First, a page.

Response of Sheep to Supplementations with Leucanea Leucocephala Leaves on Weight Gain and Carcass Components
Aberra Melesse1, Assefa Tadesse2, Markus Rodehutscord3
1Hawassa University, Animal and Range Sciences, Ethiopia
Through in vitro studies, Leucanea leucocephala leaf (LLL) was identified as potential candidate in mitigating enteric methane (CH4). Nevertheless, its efficiency as suitable animal feed source has not been yet determined in farm animals. This study was thus conducted to assess the suitability of supplementing LLL on body weight gain and carcass components in local sheep. Thirty yearling local sheep with initial body weight of 20.0±1.31 kg were first blocked by live weight into five groups and then individuals from each group were randomly allocated into five treatment diets with six sheep each. All sheep received a basal diet of natural grass hay ad libitum and 357 g/head/day concentrate mix. The treatment diets contain a control diet without supplementation (T1) and diets supplemented with LLL (g/head/day) at a rate of 50 (T2), 100 (T3) and 150 (T4) and 200 (T5). The experiment lasted 91 days exclusive of the adaptation period. The results revealed that the average daily weight gain did not differ (P>0.05) among sheep fed with various levels of LLL supplementations. However, sheep fed with T3 diet had higher (P<0.05) slaughter weight (25.8 kg) than those of T1 (22.9 kg) diet. Although insignificant, the average hot carcass weight was highest in sheep fed with T2 (10.6 kg) and T3 (10.2 kg) diets. The dressing percentage values ranged from 39.4 in T3 to 42.0% in T1 and were not affected by LLL supplementations. The highest foreleg carcass weight (1.97 kg) was obtained from sheep fed with T2 diet being significantly higher than those of T1 (1.80). Sheep fed with T3 diet had the highest hind leg (2.36 kg) and thorax (2.75 kg) values. The lumbar weight was highest in sheep reared in T2 and T5 diets while the lowest in T1. The highest rib-eye area (cm2) was observed in sheep fed with T2 (14.7) followed by T3 (14.5) diets while the lowest in those of T1 (13.0). In conclusion, LLL supplementation improved carcass components of sheep compared with the control diet indicating its potential as alternative protein supplement to poor quality forages with possible reduction in enteric CH4 production.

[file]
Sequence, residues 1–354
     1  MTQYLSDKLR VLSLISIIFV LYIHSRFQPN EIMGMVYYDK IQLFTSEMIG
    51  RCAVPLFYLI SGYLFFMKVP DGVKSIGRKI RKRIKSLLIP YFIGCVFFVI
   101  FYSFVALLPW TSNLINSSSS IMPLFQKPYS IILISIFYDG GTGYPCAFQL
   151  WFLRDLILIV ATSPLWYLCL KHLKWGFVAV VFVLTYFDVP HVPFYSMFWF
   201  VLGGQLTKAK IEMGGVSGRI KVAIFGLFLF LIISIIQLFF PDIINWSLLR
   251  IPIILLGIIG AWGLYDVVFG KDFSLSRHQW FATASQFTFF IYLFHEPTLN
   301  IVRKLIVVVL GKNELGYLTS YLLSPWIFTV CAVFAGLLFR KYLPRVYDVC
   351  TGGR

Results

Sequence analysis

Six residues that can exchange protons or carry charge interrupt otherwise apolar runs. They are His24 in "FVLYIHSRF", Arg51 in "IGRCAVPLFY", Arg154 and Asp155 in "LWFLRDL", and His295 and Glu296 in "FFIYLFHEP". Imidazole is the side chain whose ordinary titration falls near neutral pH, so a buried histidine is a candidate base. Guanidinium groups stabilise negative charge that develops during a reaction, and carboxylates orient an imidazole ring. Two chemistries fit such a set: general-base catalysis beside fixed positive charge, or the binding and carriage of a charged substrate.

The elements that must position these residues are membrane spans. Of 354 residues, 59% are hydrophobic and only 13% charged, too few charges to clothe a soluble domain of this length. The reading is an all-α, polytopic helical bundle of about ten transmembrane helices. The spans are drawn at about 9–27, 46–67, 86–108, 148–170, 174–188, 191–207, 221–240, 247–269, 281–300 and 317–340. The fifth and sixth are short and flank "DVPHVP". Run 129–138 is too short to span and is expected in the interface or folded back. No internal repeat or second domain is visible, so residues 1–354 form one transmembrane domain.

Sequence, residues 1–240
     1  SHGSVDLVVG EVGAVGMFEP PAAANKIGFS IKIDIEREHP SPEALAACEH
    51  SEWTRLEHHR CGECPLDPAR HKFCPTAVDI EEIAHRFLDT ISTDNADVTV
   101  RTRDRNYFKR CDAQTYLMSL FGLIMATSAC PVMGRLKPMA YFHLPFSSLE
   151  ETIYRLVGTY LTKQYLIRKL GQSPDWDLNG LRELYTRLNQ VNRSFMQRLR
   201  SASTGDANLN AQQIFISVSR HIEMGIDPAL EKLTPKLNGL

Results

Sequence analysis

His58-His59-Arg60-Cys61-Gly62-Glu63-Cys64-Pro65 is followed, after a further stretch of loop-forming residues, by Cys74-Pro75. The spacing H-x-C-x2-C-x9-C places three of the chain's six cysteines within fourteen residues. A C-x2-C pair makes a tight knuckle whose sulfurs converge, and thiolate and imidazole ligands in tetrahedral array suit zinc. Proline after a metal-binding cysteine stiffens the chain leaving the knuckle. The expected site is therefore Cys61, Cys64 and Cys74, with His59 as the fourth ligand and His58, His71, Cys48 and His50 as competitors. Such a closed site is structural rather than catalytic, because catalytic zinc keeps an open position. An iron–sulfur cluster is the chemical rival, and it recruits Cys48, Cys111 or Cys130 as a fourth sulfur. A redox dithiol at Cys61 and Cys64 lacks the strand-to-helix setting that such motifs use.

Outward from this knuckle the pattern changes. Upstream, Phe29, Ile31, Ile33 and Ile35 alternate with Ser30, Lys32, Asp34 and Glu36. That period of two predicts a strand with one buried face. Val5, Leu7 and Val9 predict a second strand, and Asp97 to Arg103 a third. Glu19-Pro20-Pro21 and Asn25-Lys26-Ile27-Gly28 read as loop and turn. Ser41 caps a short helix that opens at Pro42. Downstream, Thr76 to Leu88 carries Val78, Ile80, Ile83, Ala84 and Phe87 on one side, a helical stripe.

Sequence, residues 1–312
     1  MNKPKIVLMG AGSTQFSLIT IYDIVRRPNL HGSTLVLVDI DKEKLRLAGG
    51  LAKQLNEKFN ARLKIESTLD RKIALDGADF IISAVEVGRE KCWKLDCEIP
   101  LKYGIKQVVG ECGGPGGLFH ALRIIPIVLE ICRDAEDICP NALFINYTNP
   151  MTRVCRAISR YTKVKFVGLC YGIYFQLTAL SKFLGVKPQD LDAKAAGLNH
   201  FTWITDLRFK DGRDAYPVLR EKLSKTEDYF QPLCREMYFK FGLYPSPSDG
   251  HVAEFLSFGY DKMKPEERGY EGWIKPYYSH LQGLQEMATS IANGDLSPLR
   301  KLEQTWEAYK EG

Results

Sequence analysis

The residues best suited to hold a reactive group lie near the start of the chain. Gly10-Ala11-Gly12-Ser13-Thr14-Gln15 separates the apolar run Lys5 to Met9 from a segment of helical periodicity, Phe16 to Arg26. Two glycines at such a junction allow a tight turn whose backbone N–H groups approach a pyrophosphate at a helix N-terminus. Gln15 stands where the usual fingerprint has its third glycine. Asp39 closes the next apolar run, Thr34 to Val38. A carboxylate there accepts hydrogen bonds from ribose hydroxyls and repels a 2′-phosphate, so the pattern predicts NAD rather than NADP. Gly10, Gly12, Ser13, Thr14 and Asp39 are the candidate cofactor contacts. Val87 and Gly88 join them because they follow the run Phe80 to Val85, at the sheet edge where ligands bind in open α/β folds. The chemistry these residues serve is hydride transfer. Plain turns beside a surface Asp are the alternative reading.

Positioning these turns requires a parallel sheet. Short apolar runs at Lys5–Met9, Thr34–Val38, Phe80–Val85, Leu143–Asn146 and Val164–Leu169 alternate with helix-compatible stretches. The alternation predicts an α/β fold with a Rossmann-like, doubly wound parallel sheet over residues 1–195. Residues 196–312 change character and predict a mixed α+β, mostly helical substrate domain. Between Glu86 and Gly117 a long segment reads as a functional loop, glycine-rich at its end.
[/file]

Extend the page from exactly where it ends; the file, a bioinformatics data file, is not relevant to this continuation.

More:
Keywords: Carcass components, enteric methane, Leucanea leucocephala leaf, local sheep, weight gain
Contact Address: Aberra Melesse, Hawassa University, Animal and Range Sciences, Hawassa University (CLIFFOOD-DAAD Funded Project), 05 Hawassa, Ethiopia, e-mail: a_melesseuni-hohenheim.de